Plain, clear glass, of course, can also be used and is easier
to refacing the cabinets, I also replaced our old countertops.
A quote for replacing them with a hard surface material, such
or a natural stone, such as granite, was over $3,000 (prices range
from $50 - 80 per square foot.) NOT!
I was able to find attractive, post-formed Wilsonart laminate
countertops at Home Depot. http://www.wilsonart.com/
These were less than $150 for the entire kitchen. It's a simple
matter to remove the old laminate countertops. They are held in
place by as few as four wood screws and perhaps a few nails. Installing
the new countertops is equally straightforward, but one must be
careful to level them appropriately with shims of wood.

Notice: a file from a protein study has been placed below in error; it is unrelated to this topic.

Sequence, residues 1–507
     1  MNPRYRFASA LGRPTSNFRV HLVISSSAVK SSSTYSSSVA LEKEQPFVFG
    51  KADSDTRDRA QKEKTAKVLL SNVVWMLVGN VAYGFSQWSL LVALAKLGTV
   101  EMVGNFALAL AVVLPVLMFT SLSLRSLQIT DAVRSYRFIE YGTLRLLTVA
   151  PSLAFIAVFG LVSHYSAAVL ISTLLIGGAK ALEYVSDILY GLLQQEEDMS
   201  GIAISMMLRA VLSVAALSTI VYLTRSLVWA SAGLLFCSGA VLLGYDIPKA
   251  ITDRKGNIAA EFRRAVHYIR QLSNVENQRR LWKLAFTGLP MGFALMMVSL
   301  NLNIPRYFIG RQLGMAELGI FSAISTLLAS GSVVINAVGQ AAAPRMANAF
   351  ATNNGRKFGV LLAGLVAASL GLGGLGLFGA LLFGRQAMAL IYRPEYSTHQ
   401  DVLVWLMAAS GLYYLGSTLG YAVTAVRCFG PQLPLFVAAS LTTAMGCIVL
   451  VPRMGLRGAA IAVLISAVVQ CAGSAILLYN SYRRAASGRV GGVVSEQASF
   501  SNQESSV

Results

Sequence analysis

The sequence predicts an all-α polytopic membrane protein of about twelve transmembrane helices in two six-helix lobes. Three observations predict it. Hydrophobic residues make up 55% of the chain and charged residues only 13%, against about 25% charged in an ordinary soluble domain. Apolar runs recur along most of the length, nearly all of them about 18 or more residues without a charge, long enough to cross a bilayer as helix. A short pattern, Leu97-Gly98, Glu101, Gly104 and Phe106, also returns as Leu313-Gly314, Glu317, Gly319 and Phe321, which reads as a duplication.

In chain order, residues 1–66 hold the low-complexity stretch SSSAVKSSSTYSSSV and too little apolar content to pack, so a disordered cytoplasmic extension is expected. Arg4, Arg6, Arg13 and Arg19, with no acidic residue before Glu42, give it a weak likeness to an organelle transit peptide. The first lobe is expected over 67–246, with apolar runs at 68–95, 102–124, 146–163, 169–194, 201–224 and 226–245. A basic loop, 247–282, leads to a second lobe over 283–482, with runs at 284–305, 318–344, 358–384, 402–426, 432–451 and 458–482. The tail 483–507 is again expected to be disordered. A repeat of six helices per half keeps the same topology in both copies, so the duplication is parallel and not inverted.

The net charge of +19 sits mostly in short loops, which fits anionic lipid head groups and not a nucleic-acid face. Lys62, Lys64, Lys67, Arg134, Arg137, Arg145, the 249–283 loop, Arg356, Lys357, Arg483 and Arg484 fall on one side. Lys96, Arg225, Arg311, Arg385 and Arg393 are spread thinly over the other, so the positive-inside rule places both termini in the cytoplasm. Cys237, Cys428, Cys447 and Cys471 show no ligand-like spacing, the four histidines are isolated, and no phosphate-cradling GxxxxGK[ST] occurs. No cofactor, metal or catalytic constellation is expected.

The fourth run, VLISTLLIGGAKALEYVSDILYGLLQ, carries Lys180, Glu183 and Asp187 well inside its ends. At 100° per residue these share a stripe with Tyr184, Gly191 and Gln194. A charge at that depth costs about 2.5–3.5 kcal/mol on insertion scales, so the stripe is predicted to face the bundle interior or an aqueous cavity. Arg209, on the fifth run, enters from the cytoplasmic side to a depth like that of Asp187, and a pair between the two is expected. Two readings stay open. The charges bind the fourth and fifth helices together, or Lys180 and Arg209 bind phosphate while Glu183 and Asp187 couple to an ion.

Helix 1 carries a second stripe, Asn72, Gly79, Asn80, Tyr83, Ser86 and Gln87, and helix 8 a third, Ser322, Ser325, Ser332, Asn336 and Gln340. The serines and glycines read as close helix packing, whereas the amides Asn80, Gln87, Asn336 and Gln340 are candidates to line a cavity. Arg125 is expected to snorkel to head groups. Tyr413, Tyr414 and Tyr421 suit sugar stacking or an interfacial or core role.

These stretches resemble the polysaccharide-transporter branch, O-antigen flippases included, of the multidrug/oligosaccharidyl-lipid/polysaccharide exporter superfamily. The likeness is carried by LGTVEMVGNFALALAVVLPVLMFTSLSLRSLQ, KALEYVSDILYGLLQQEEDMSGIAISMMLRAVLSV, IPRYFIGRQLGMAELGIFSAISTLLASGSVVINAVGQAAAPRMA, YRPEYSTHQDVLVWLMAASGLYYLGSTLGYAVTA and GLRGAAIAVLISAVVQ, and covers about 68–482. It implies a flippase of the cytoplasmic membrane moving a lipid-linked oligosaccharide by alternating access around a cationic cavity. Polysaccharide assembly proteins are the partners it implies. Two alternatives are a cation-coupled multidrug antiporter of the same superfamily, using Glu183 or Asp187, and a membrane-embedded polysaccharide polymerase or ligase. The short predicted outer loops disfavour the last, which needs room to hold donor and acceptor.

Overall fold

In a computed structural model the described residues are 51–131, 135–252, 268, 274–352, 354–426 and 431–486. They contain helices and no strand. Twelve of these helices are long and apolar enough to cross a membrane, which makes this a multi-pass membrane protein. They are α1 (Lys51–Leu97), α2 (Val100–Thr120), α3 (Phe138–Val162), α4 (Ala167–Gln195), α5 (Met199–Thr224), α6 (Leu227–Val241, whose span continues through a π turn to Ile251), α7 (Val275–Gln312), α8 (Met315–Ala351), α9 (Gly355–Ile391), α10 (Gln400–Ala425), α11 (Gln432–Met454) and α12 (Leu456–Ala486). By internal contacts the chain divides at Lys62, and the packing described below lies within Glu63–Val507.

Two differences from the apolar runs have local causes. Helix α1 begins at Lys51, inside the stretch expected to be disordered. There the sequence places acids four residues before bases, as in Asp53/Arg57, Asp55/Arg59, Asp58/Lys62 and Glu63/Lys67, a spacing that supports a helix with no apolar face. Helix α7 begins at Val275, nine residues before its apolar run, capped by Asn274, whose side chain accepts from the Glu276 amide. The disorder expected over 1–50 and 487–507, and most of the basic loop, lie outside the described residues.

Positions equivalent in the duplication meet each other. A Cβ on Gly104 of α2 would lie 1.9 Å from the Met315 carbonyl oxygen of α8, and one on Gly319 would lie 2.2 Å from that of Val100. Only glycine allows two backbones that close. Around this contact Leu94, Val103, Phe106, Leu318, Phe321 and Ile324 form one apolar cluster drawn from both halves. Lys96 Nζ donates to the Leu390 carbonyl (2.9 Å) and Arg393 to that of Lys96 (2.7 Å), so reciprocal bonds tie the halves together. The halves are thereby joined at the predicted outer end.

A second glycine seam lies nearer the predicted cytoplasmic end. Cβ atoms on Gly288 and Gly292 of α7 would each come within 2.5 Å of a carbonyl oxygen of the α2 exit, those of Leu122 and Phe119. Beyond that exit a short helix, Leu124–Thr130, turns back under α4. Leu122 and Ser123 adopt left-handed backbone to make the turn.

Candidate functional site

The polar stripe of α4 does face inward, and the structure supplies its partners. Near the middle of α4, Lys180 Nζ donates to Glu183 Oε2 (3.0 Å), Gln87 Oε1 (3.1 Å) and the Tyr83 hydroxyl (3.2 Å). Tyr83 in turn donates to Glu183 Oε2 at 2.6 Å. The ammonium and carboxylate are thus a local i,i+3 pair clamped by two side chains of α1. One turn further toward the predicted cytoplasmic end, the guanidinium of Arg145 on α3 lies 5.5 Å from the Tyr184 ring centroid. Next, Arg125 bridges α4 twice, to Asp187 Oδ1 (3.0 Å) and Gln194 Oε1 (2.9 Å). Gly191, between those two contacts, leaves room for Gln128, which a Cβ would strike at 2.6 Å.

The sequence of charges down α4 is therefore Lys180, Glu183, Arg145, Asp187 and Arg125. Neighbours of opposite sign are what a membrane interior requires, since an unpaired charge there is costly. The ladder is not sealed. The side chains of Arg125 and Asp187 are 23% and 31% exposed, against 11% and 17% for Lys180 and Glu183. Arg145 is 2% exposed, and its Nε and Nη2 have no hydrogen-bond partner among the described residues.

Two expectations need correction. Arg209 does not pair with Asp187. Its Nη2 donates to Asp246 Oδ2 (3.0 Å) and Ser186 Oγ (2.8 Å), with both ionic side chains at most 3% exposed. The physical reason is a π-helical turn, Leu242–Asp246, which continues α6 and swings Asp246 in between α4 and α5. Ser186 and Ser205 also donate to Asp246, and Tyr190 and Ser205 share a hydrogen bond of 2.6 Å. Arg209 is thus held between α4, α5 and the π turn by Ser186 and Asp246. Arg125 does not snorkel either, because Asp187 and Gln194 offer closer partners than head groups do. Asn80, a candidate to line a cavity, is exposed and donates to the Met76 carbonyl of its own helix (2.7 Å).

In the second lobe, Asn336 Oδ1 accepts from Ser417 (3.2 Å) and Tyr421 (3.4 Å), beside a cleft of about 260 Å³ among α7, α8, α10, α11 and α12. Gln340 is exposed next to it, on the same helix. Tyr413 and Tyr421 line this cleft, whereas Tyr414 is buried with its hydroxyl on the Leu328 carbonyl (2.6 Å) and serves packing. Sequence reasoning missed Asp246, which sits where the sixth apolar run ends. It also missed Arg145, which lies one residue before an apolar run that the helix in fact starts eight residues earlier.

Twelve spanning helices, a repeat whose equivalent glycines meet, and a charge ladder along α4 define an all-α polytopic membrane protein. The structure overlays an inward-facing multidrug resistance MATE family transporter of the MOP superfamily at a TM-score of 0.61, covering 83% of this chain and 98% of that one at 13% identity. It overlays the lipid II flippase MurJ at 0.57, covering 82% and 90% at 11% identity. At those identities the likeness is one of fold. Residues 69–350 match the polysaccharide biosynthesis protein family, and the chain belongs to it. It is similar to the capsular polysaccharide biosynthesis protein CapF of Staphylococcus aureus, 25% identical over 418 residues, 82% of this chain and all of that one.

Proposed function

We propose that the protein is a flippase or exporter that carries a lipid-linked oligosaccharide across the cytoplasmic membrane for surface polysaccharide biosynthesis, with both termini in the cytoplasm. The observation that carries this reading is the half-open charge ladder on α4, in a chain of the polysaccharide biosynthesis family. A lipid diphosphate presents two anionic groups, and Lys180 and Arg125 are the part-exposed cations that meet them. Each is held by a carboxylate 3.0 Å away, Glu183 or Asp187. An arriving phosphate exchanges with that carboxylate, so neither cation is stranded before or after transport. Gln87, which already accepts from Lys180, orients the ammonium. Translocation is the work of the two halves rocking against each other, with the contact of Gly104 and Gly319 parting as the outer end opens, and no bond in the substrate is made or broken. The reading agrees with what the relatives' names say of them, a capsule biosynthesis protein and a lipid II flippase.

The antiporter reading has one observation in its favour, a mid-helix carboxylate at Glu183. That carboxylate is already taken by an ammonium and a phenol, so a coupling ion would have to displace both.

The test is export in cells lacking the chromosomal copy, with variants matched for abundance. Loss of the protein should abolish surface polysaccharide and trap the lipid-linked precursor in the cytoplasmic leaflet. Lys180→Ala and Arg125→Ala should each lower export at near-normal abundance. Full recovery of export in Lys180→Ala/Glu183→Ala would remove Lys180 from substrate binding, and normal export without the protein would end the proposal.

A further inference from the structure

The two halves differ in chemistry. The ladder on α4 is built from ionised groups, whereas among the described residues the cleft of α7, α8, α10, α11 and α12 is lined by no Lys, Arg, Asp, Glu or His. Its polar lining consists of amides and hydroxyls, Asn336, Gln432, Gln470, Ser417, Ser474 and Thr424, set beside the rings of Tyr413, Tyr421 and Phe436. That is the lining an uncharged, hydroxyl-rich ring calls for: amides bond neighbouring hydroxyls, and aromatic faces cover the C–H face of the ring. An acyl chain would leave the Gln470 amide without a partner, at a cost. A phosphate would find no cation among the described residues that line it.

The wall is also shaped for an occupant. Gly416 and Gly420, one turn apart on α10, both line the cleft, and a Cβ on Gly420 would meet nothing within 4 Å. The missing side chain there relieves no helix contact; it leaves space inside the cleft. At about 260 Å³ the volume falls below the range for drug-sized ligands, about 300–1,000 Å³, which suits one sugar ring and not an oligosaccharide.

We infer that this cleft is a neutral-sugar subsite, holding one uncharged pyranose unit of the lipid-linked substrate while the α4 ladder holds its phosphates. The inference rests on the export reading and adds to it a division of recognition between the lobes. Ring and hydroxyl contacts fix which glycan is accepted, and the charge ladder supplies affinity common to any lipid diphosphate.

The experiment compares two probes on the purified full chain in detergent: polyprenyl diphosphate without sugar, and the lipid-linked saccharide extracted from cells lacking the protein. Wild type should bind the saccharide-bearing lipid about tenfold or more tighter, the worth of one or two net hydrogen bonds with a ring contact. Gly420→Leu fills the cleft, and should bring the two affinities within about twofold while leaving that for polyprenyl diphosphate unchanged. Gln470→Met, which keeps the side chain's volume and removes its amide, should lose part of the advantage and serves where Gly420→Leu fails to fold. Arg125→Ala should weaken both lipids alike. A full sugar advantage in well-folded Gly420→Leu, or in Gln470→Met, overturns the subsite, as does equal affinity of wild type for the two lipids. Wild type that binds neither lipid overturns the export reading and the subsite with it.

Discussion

(Ed: The board
that Joe is holding here is part of the veneer. It was supposed
to show the depth of the sink. The countertops look like granite
and the small tiles in back of the sink and stove -- the backsplash
-- are fabulous).
The Finishing Details
our sink with a 10-inch deep MoenStone sink. (http://www.moen.com/Consumer/products/kitchen/kitchen_stone.cfm)MoenStone
is a composite material made of quartz, granite, and plastics
which forms a hard surface which is resistant to stains and temperatures
up to 450 degrees.
My main reason
for selecting the white Moenstone was the fact that I was stuck
with all my existing white appliances and I wanted a uniform look.
I also found stainless steel sinks with the 10-inch depth that
I was seeking. I looked at 2-bowl sinks, but discovered that in
our Leewood kitchens we only have a 25-inch width option. The
only 25-inch wide 2-bowl sinks offered two small bowls which really
didn't meet the heavy duty need of a cook who likes to entertain.
was the easiest part of the entire project. I chose a patterned,
1-inch tile to add color and interest. Standard 4-inch tiles,
or even larger tiles, would have been easier still. Plan your
layout, slap on the adhesive, install the tile, wait a day or